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Russell, Paul (b. 1956)  
page: 1  2  

The Coming Storm won the 2000 Ferro-Grumley Award for Gay Male Fiction.

In his most recent work, War Against the Animals (2003), Russell explores the issues of class, community allegiances, and the divide between gay and straight culture. The novel is set in a small town in upstate New York, where tensions are rising between the working class locals, many of whose families have lived in the community for six generations, and newer residents--predominantly upper-class, and gay--who have begun moving in.

In homage to Henry James's The Wings of the Dove (1902), which Russell avows has a perfect plot, War Against the Animals revolves around Cameron Barnes, an HIV-positive, middle-aged, retired landscape architect who has recently migrated from Manhattan, and Jesse Vanderhof, a 19-year-old local who, under the somewhat sinister influence of his older brother, gets involved in a scheme to take financial advantage of the older gay man.

The scheme unravels, however, when Jesse unexpectedly finds himself attracted, both emotionally and sexually, to Cameron. Jesse begins to view his burgeoning homosexuality as a paralyzing form of destiny: "like when their dog Apache had run in front of a car, and he'd watched it from the front porch, helpless to stop it from happening."

Russell is also the author of The Gay 100: A Ranking of the Most Influential Gay Men and Lesbians, Past and Present (1994). The book contains short biographies of such luminaries as Socrates, Sappho, Oscar Wilde, and Gertrude Stein, among others.

In his introduction, Russell explains the premise of the book: "One of the ways by which gay men and lesbians have survived through the centuries is by recognizing one another in the various disguises we have worn. We have survived on the consolation of knowing there are others like ourselves. . . . The men and women whose names were secretly whispered, repeated, cherished as homosexual helped create and sustain that amorphous phenomenon we know today as gay culture."

Recent short fiction and essays by Russell include "Underwater," published in Clifford Chase's Queer Thirteen: Lesbians and Gay Writers Recall Seventh Grade (1998); "The Golden Book of the Civil War," in Matthew Rottnek's Sissies and Tomboys: Gender Nonconformity and Homosexual Childhood (1999); "White Lily," in James White Review (Spring 1999); and "Delicacy," in Gastronomica (February 2001).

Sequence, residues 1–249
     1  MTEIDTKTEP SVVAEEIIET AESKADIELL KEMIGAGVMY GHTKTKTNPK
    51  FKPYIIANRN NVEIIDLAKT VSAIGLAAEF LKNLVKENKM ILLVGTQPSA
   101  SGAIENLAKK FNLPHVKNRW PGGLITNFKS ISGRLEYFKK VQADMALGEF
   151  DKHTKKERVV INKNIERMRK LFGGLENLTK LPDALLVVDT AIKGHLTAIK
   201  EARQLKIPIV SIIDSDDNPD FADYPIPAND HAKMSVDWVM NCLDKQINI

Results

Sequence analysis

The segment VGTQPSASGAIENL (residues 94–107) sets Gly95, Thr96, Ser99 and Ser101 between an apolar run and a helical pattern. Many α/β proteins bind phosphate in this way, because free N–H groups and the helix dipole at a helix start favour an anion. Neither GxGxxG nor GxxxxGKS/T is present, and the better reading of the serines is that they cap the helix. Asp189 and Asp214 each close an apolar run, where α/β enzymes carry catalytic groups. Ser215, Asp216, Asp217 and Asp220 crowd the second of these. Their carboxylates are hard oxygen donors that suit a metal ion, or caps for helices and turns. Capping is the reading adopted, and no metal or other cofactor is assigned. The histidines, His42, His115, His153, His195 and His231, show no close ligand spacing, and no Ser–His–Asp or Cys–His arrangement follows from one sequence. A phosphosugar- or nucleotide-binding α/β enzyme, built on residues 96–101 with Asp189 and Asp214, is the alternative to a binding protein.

Russell is a Professor in the English Department at Vassar College where he has taught several gay and lesbian studies courses, including "Minority Culture in America: The Gay Experience," "The Gay Male Novel in America, post-1945," and "Queer Alphabets," a freshman-only course that features readings in gay and lesbian literature.

He lives in Rosendale, in upstate New York.

Craig Kaczorowski

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Bawer, Bruce. "Thirtysomething and Having a Rough Time." Wall Street Journal (April 19, 1990): A.12.

Canning, Richard. Hear Us Out: Conversations with Gay Novelists. New York: Columbia University Press, 2003.

Drabelle, Dennis. "Private Lessons." The Washington Post (August 15, 1999): 07.

_____. "Three Men and a Pickup." The Advocate (September 2, 2003): 63.

Mackle, Elliott. "Setting Traps." Lambda Book Report (October/November 2003): 17.


    Citation Information
    Author: Kaczorowski, Craig  
    Entry Title: Russell, Paul  
    General Editor: Claude J. Summers  
    Publication Name: glbtq: An Encyclopedia of Gay, Lesbian, Bisexual,
Transgender, and Queer Culture
    Publication Date: 2005  
    Date Last Updated March 9, 2005  
    Web Address  
    Publisher glbtq, Inc.
1130 West Adams
Chicago, IL   60607
    Today's Date  
    Encyclopedia Copyright: © 2002-2006, glbtq, Inc.  
    Entry Copyright © 2005, glbtq, inc.  


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